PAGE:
Fleeing Lebanese Christians See Town Forever Changed

By Anthony Shadid
Washington Post Foreign Service
Sunday, August 13, 2006

HASBAYA, Lebanon, Aug. 12

Israeli troops entered Marjayoun at 3:30 a.m. Thursday. They had first seized Burj al-Molouk. Next was Qleia. The last, along a road stretching from the border, was the capital of the province, a faded, once-prosperous town that unfurls up a hill overlooking a valley carpeted in olive trees and the imposing, wizened peaks of Mount Hermon, known here as Jebel al-Sheikh.

"They came with the tanks, of course," said Fouad Hamra, the town's mayor.

Residents said the 400 or so families in the town of Marjayoun stayed indoors, some too fearful to look out their windows to the street. Even a loud voice might draw notice, they said. The Israeli presence was ghostly -- some heard voices, a few saw the soldiers themselves, most knew of their presence by word of mouth, news broadcasts and the sound of fighting that went on outside their doors.

"People didn't dare leave their homes," said Hikmat Farha, a 53-year-old resident now staying in a Beirut suburb.

Nearly everyone has now departed the Christian town, where houses of cream stone and red-tiled roofs sit tucked in a southern corner of Lebanon, perched unfortunately along the Israeli border. Some left in the early days of the month-long war, when Israeli forces laid siege to Khiam, a Shiite Muslim town across the valley, where fighting still raged Saturday. Most, like Hamra, left Friday in a harrowing convoy of hundreds of cars that plied a moonlit road and was attacked by Israeli aircraft. Six people were killed and more than 30 wounded.

Now its exiled inhabitants await what many Lebanese fear is the start of a smoldering, undecided war, brokered by a U.N. resolution that might bring a respite rather than peace.

"It's tough for people not to be able to go home," Farha said.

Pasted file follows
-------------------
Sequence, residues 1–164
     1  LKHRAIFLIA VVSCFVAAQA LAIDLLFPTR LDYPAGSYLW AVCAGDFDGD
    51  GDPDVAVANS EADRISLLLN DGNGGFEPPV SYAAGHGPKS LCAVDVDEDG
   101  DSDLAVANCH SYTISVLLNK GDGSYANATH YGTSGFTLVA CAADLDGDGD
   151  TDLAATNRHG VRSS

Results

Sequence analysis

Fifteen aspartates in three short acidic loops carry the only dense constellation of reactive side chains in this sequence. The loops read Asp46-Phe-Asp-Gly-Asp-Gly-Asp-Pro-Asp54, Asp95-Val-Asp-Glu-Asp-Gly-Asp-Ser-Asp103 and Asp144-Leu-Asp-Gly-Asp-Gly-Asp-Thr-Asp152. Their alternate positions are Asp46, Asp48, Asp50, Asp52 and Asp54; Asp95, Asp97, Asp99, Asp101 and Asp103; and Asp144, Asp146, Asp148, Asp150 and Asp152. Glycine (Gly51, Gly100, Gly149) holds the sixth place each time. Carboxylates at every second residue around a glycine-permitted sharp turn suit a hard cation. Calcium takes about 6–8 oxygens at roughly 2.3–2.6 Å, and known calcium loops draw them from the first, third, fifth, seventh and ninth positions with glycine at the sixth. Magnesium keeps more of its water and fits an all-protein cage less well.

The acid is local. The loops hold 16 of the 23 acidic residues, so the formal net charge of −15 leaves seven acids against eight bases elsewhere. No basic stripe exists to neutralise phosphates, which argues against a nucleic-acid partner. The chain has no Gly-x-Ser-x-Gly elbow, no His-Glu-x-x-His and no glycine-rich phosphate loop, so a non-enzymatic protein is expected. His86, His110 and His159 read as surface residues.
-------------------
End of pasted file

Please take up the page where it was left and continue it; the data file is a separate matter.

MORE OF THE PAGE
The destruction of the front-line village of Bint Jbeil is far more harrowing, swaths of it pulverized into unrecognizable rubble. The siege of the seaside port of Tyre is more menacing, its thousands of people running short on food, water and gasoline after an Israeli order that any car traveling on any road risks attack. But the experience of Marjayoun is an example, writ in the footnotes of a war, of the sometimes ignored sentiments of conflict: the pain of loss, of uncertainty, of not knowing when homes will become theirs again.

"I wish I knew," Hamra said. "I wish they'd leave now."

The start of Marjayoun's occupation was quiet, but clashes soon erupted. What started them is a matter of dispute. Ever since Israeli forces left Marjayoun and the rest of southern Lebanon in 2000, Hezbollah and its Shiite Muslim militia maintained a discreet presence. There were no retributions. There was no armed presence inside Marjayoun and other villages that belonged to Lebanon's other sects: Druze, Christian and Sunni Muslim. Some residents said it was not Hezbollah that fired on the Israeli troops in Marjayoun, but operatives of a secular, leftist party whose posters still adorn the sides of buildings and telephone poles across the region.

Whatever the cause, Israeli forces fired in Marjayoun. Samir Razzouk's busy shop in the newly renovated town square was destroyed, along with its lottery machine that drew customers and its shelves stuffed to the ceiling with decade-old oddities that gave him a reputation as a pack rat. The house of Suheil Abu Mrad near the town's lone mosque was damaged. So was the house of Karim Jabarra, who provided electricity from a generator when the city's power grid flickered and floundered, as it often did.

The number varied of other houses damaged -- 10, 20, perhaps more. And in a town where houses represent families, and families represent centuries of history, residents said a part of Marjayoun was lost, too.

Water was scarce, an irony for a town whose name means "field of springs" in Arabic. "They had springs outside their homes, and they couldn't reach them," Farha said. Generators began giving out as gasoline ran short. And people decided to leave.

"Everybody will say: 'Why did they leave? How did they leave?' " Farha said. He called the question easy in hindsight. "Looking at the war with your eyeglasses on is easy," he said. "But when you're in the middle of it, it's much more difficult."

Farsan Kfouri said his family of 35, along with others, gathered at 8:30 a.m. Friday on the town's main street. They waited for permission through the day, as Israeli shells crashed down on Khiam and the outskirts of Marjayoun. There were negotiations and rumors about Israeli permission, and the convoy of hundreds of cars finally set off at 4 p.m., passing several miles in two hours along a dirt road with white smoke furling skyward sometimes 500 yards away. Short on gas, some cars were abandoned on the road.

"The cars were bumper to bumper, and the people were terrified," he said.